Angry About Bailout, Some Divest

| Thu Dec. 17, 2009 7:51 PM EST

This morning, more than 60 janitors, security guards, window cleaners, and other working folks marched in front of Wells Fargo's San Francisco offices to protest the $150 billion in bonuses, benefits, and compensation the six largest banks in the US are giving executives this year. The SEIU-organized protest comes just days after Wells Fargo and Citibank announced they'd be repaying the last of their TARP funds, and in doing so, avoid government scrutiny on executive pay and risk assessment. Though the TARP funds (plus interest) are on their way to government coffers, it's not enough for working people of California, who continue to be outraged at record bank bonuses. Down at Wells Fargo HQ, the anger was hand-written on signs reading "Bank of America: You're Overdrawn," "Arrest those Bank Robbers," and "Theft is Theft! Throw Banksters in Jail!"

"This is your money," said Marvin Webb, a minster at Richmond's Bethlehem Missionary Baptist Church, to the crowd. "This is money we invested, this is money we deposited, this is money that they're using to pay for bonuses." The money doesn't just go to pay bonuses, it pays mortgage middlemen to foreclose on properties still undergoing loan modification. Gina Gates, who spoke at the event, said she took her money out of Bank of America after they foreclosed on her home, despite the fact she was willing to pay off the balance left on her mortgage. "If they can't take care of our money, why are we giving it to them?" she asked.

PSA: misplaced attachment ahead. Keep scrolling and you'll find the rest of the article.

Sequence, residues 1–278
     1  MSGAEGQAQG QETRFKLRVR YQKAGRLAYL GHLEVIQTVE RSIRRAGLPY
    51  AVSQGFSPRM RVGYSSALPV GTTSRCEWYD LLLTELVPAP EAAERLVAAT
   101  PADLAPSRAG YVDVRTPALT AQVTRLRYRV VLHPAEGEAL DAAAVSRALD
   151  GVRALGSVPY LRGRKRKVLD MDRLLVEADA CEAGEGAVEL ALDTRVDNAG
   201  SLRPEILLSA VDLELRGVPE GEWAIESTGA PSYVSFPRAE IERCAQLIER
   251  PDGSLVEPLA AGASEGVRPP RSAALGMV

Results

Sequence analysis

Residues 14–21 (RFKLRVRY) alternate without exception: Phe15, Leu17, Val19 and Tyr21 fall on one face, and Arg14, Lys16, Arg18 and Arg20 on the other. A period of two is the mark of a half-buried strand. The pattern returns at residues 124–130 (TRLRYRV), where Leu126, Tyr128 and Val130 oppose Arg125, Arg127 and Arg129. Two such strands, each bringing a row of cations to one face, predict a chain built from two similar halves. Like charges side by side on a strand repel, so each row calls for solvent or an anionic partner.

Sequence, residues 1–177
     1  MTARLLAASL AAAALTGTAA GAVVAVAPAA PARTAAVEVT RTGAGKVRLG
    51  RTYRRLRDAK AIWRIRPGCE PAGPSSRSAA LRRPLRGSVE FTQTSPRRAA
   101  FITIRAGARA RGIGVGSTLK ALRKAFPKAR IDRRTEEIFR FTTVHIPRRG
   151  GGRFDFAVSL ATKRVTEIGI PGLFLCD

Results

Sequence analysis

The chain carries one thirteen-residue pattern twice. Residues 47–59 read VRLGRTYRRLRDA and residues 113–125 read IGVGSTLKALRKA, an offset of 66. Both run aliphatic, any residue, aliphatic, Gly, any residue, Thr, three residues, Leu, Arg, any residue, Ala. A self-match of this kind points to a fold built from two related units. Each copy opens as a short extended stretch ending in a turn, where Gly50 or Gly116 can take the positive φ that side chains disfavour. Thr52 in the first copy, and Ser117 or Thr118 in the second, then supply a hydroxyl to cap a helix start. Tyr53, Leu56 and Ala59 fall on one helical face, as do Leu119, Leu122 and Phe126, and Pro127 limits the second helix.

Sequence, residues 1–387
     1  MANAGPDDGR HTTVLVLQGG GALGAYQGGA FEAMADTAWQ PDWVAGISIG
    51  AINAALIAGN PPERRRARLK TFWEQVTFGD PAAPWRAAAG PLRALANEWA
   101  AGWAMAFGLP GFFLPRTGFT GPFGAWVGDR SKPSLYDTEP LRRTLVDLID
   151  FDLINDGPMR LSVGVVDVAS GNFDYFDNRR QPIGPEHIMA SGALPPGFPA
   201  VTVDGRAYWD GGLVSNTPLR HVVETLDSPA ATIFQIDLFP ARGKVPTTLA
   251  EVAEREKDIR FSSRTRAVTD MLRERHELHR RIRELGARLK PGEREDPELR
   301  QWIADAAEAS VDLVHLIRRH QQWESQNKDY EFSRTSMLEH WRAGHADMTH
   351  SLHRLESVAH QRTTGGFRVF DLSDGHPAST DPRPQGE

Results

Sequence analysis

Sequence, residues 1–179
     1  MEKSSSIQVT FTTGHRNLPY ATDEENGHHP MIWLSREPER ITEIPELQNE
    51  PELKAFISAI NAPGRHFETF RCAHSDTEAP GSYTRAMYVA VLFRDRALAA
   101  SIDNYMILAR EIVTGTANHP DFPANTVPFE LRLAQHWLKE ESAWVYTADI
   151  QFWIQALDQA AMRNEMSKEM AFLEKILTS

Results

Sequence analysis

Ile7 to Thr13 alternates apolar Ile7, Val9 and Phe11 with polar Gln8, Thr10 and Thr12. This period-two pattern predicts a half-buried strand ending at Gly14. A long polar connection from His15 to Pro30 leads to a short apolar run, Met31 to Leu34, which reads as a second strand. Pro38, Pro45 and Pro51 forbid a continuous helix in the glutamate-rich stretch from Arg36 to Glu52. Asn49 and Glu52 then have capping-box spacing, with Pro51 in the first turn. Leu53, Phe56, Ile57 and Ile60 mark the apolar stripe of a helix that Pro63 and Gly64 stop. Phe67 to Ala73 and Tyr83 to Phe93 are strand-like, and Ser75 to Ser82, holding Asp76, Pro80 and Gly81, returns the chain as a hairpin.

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Here's what some other attendees had to say: 

"I'm here because a lot of security officers are losing their jobs. They're cutting graveyard shifts... $150 billion as the bonuses for fat cats? They've got theirs... They don't need that type of money. People who are hurting need that kind of money." --Keith Ward, president of security officers union.

"What we're trying to do is build an economy that works for working people and not for Wall Street bankers. [In the Senate reform bill] We encourage improving transparency and looking at risk and performance, so that if you do crash the economy you're not rewarded for that." --Rachele Huennekens, SEIU

"I'm a member of the working class. You don't give loans to people who cannot afford to pay you back. This should be illegal and it must have been before deregulation. Americans have this get rich quick mentality, and they've got to learn that class struggle comes first. Get rich quick doesn't work." --Name withheld, works at nearby law firm.

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